BACKGROUND: Total hip replacement is a common and highly effective operation. All hip replacements would eventually fail if in situ long enough and it is important that patients understand when this might happen. We aimed to answer the question: how long does a hip replacement last?
METHODS: We did a systematic review and meta-analysis with a search of MEDLINE and Embase from the start of records to Sept 12, 2017. We included articles reporting 15-year survival of primary, conventional total hip replacement constructs in patients with osteoarthritis. We extracted survival and implant data and used all-cause construct survival as the primary outcome. We also reviewed reports of national joint replacement registries, and extracted data for a separate analysis. In the meta-analyses, we weighted each series and calculated a pooled survival estimate for each source of data. This study was registered with PROSPERO (CRD42018085642).
FINDINGS: We identified 140 eligible articles reporting 150 series, and included 44 of these series (13 212 total hip placements). National joint replacement registries from Australia and Finland provided data for 92 series (215 676 total hip replacements). The 25-year pooled survival of hip replacements from case series was 77·6% (95% CI 76·0-79·2) and from joint replacement registries was 57·9% (95% CI 57·1-58·7).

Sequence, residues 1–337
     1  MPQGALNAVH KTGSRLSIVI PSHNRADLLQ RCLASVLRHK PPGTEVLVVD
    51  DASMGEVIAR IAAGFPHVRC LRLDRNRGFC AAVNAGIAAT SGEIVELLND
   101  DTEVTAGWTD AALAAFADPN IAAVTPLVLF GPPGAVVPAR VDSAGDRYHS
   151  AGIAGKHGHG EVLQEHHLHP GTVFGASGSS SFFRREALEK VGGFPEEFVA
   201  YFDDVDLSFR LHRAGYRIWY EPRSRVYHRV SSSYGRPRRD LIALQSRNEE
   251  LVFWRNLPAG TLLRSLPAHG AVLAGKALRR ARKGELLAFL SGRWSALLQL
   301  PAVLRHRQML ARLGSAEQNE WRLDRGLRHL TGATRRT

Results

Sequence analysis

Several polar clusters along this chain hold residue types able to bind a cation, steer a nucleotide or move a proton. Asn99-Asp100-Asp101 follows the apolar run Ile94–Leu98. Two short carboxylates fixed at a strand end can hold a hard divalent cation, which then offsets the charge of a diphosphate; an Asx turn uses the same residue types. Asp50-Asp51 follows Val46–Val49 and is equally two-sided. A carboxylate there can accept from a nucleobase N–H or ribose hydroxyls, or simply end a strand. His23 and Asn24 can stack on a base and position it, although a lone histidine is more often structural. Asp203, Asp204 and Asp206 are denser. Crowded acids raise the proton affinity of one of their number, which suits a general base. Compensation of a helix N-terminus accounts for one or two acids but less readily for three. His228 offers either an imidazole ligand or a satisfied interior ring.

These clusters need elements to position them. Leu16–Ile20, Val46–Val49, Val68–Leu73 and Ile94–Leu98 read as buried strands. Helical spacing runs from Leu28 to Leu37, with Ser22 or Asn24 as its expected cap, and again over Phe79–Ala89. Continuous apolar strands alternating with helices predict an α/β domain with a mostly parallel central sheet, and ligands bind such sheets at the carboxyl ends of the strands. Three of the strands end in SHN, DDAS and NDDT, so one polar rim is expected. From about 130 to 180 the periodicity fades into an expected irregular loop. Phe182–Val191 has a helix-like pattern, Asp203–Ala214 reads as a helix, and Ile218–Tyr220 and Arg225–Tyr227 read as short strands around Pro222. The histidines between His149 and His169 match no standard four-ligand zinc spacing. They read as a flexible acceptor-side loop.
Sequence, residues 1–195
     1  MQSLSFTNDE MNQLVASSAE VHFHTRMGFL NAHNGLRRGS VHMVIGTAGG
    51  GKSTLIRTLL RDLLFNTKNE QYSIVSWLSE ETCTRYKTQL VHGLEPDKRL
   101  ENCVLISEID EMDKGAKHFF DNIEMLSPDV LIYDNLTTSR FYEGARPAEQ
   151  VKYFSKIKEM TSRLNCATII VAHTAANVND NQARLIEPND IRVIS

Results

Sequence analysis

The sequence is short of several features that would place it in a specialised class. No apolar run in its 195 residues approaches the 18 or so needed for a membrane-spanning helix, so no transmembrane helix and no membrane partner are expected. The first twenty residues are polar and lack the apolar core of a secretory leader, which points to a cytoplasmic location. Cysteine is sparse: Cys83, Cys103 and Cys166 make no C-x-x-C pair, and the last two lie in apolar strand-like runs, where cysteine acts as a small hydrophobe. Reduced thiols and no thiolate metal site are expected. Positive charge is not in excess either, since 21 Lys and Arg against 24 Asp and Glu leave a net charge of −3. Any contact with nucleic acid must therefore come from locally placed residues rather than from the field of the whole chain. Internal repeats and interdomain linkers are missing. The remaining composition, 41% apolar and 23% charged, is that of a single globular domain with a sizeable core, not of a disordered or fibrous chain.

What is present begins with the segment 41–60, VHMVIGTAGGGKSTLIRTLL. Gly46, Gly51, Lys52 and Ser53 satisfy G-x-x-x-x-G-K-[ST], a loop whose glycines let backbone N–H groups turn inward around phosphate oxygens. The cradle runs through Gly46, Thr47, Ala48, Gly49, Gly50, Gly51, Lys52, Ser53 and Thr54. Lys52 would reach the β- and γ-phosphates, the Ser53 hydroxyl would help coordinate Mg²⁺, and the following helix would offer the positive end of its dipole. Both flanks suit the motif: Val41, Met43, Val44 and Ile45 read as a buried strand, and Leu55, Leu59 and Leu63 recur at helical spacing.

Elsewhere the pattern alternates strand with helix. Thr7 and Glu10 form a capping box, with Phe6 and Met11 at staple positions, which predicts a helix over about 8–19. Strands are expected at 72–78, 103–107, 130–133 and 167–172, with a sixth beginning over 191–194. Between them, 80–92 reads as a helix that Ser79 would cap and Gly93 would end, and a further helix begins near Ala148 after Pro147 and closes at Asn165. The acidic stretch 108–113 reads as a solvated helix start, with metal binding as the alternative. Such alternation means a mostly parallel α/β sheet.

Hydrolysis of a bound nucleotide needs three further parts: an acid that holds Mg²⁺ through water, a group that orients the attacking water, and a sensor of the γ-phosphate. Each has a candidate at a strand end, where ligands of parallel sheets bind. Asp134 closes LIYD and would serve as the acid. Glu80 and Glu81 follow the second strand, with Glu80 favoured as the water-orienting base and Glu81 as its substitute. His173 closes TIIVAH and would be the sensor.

INTERPRETATION: Assuming that estimates from national registries are less likely to be biased, patients and surgeons can expect a hip replacement to last 25 years in around 58% of patients.
FUNDING: National Institute for Health Research, National Joint Registry for England, Wales, Northern Ireland and Isle of Man, and The Royal College of Surgeons of England.
- Centre for Surgical Research
- Bristol Medical School - Head of School
- Bristol Medical School (THS) - Professor of Orthopaedic Surgery
- Bristol Population Health Science Institute
- Musculoskeletal Research Unit
- Orthopaedic Surgery
Person: Academic , Doctor of Medicine, Member, Professional and Administrative